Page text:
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T O P I C    R E V I E W
hna46 Posted - 03/27/2008 : 12:28:09 PM
I've been home sick all week and watching a lot of tv unfortunately. Fortunately, a lot of knitting is getting done also. Anyway, I've seen 3 movies now on TCM from the late 30's that have a scene with a woman knitting - in the office, in a posh restaurant, etc.

The first had Rosalind Russell knitting in public, can't remember the name of the movie but it had no men on screen and was about wives, going out west to get a divorce, the "other woman", etc.

Another movie was with Joan Crawford as a hard-nosed head of a corporation. Her secretary knits at her desk. Eventually Joan falls in love and asks her secretary to teach her to knit. She learns and seems to be in love with knitting also.

The third movie was the original Hitchcock "Man Who Knew Too Much." There is a scene in a nightclub with the wife, (the Doris Day role in the second version), bringing her knitting with her to dinner/dancing.

I find this really interesting to see knitting in older movies like this. You don't see too many current movies with knitting, but here in just a couple of days at home, I've seen 3 from 1939 and thereabouts.

13   L A T E S T    R E P L I E S    (Newest First)
Munchkn Posted - 02/08/2014 : 9:02:56 PM
Rosalind Russell also knits in Night Must Fall.

Greer Garson knitted in the bomb shelter during an air raid in Mrs. Miniver.
anderknit Posted - 02/08/2014 : 08:38:36 AM
And of course there was Audrey Hepburn in Breakfast at Tiffany's. Much later than the 30's, but knitting nonetheless.

"Courage doesn't always roar. Sometimes courage is the quiet voice at the end of the day saying, 'I will try again tomorrow.' "
mamlady Posted - 02/05/2014 : 6:07:38 PM
most movies in the thirties and forties were either for relief during the drought or dirty thirties and war efforts showing movie actors knitting to get women involved at home to knit for "the boys over seas"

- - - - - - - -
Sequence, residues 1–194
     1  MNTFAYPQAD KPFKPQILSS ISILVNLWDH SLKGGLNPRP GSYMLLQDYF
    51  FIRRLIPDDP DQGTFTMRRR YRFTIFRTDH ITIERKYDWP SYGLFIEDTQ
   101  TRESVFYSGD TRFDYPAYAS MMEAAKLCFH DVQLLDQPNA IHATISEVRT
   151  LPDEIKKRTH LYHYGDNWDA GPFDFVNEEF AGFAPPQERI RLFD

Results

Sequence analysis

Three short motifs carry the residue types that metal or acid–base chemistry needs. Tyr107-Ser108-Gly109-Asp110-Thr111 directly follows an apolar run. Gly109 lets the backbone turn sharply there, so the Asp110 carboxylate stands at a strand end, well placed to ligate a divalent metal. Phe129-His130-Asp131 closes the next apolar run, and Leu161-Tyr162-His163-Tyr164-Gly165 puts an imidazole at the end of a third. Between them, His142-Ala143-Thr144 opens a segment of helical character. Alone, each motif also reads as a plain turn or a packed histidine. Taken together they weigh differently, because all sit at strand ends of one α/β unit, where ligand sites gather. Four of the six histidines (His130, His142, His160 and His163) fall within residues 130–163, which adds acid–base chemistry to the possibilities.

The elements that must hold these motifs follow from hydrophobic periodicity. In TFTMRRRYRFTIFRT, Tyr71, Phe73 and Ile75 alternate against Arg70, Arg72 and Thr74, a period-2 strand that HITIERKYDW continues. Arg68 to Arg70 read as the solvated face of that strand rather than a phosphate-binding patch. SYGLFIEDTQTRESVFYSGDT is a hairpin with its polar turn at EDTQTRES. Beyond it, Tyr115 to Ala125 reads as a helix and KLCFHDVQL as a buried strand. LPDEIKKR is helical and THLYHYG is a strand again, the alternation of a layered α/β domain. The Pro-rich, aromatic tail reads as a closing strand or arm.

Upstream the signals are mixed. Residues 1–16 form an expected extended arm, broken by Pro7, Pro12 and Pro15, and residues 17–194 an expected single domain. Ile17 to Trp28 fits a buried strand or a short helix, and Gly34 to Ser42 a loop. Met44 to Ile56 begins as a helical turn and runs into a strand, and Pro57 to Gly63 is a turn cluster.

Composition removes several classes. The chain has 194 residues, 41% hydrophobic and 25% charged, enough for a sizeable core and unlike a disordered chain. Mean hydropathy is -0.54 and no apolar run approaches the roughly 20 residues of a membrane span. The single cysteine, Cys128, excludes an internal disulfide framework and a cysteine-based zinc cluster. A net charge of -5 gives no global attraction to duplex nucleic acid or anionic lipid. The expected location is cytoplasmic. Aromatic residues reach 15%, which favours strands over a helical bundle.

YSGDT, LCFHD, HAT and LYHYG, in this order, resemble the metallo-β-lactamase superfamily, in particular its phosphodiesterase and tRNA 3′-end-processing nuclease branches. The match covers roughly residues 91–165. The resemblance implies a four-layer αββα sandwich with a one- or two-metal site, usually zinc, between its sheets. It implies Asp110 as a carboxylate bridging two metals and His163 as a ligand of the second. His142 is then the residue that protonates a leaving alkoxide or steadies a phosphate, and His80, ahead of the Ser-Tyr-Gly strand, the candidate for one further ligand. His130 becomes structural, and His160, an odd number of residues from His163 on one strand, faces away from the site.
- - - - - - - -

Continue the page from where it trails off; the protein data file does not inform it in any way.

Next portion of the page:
in stat of the union Miss H was really making a sweater for Spencer and she was a very good knitter as was Bette and Joan
Catlover Posted - 03/28/2008 : 10:10:10 AM
State of the Union is a wonderful Katherine Hepburn movie. In that one she knits while flying in a plane doing stunts. Even flipping over of flying upside down she doesn't miss a stitch. I sure that was special photography but not making any mistakes seemed a bit surprising. She looked like a very capable knitter.
bfaye Posted - 03/28/2008 : 08:47:49 AM
Myrna Loy knits in the "The Thin Man" movies with William Powell and Myrna Loy as Nick and Nora Charles (and their dog Asta.) Katherine Hepburn was a knitter and she knit in some of her movies, as I recall.

Here are a couple of links to knitting in movies. Angel Hair Yarn is one of my two LYS. Well, they are within 100 miles of me. :)

lucienh Posted - 03/28/2008 : 04:17:38 AM
I saw the 1937 Shall We Dance the other evening. One scene in which Ginger Rogers was knitting -- not very well. The dancing, on the other hand, was incredible.

New blog, not about knitting, but I bet it keeps sneaking in:
GFTC Posted - 03/28/2008 : 02:38:35 AM